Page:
“You ain’t gonna get no prettier, JD,” the gunslinger teased as he threw the towel on the floor and grabbed his long johns. “Get yourself dressed before you catch a cold.”

JD continued to stare glumly in the mirror. He was dressed, sort of; he had his pants on, and his white shirt, but it wasn’t buttoned. He gave an impatient sigh and dragged a comb through his hair, first one way, then another, parting it every different way he could think of. And still he glared at his reflection in sullen frustration.

“It ain’t fair, Buck.” JD huffed as his friend walked over to the mirror, shaving mug in hand.

“What ain’t?” Buck wanted to know as he pulled out the lathering brush and poured some water from a pewter pitcher into the mug.

“Well - “ JD gestured at his image helplessly, “I mean, I tried everything I can think of. And I always look the same.”

Buck whipped the water and soap in the mug into a lather, gave JD a quizzical glance in the mirror.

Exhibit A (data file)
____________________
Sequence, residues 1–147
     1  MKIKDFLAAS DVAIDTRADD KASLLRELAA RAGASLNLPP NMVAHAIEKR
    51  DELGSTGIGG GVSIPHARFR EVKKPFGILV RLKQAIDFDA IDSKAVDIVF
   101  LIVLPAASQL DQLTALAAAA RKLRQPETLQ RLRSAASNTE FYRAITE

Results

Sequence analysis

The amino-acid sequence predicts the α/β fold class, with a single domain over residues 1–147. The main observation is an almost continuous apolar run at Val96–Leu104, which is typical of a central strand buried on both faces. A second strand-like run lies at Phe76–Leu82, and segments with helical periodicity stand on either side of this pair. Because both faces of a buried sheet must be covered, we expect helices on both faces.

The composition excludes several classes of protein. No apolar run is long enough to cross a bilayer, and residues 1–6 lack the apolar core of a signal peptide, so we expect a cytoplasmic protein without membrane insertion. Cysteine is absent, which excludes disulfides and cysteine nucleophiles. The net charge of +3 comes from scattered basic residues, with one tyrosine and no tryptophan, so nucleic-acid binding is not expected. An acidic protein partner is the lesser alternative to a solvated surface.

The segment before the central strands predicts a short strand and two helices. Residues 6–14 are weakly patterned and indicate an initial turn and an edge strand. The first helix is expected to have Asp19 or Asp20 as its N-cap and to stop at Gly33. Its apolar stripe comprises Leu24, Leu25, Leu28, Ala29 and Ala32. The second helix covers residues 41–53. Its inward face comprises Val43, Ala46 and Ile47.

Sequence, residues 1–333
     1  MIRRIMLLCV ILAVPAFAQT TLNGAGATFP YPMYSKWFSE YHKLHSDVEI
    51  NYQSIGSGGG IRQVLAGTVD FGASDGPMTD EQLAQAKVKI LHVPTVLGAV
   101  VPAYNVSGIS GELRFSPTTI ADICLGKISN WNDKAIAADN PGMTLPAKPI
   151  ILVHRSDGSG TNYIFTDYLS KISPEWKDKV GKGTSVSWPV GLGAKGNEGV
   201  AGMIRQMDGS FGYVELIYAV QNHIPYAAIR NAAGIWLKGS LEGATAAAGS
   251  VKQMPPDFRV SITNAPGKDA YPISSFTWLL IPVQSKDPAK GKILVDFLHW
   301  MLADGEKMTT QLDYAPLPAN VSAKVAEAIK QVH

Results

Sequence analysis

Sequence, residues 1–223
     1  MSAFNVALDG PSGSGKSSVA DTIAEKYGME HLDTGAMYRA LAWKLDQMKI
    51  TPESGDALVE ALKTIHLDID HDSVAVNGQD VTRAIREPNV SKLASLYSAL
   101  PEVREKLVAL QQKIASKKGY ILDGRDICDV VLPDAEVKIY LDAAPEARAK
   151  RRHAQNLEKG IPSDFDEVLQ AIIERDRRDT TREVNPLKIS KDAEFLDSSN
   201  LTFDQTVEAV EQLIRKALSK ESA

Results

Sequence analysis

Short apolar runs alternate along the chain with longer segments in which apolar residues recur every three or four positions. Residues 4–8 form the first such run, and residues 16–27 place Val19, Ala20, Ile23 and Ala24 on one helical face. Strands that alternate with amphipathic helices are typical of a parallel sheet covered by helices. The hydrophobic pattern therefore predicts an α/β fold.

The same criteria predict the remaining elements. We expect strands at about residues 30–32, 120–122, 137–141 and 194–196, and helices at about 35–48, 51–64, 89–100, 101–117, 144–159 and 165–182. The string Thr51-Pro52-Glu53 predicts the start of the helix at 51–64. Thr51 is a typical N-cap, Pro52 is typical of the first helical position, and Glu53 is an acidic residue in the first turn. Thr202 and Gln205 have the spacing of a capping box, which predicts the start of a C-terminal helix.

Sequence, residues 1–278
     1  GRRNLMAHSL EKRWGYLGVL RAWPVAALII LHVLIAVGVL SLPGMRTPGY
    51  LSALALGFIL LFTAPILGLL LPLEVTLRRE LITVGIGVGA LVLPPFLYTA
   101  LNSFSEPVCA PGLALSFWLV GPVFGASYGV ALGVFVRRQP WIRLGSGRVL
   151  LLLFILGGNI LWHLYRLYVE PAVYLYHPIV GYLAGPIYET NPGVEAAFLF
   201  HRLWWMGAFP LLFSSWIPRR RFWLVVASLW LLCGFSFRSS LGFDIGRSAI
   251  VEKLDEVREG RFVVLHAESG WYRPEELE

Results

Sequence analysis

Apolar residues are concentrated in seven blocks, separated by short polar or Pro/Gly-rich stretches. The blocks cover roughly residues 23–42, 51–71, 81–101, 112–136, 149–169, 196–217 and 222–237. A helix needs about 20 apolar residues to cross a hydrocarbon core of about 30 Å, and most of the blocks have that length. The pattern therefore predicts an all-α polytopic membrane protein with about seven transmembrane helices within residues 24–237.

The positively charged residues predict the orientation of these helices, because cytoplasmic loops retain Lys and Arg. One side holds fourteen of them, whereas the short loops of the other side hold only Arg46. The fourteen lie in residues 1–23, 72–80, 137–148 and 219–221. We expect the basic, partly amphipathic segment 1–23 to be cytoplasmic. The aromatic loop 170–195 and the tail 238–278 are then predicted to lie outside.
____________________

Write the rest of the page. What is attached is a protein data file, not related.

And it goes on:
JD was ignoring him, still trying to comb his glossy black hair into a different look. It rebelled, flopping into his eyes and parting any way it wanted to, and finally the youth slammed the comb onto the sink in frustration.

Buck eyed JD knowingly. “This is because of the other day, ain’t it?”

JD looked into the sink, then glanced at Buck before once again staring at his face in adolescent fury. “I look like I’m twelve. That’s why nobody takes me seriously. That man wouldn’t have gotten Josiah so mad if I didn’t look so stupid whenever I tell people I’m the sheriff. He would have let me arrest him and that would have been the end of it.”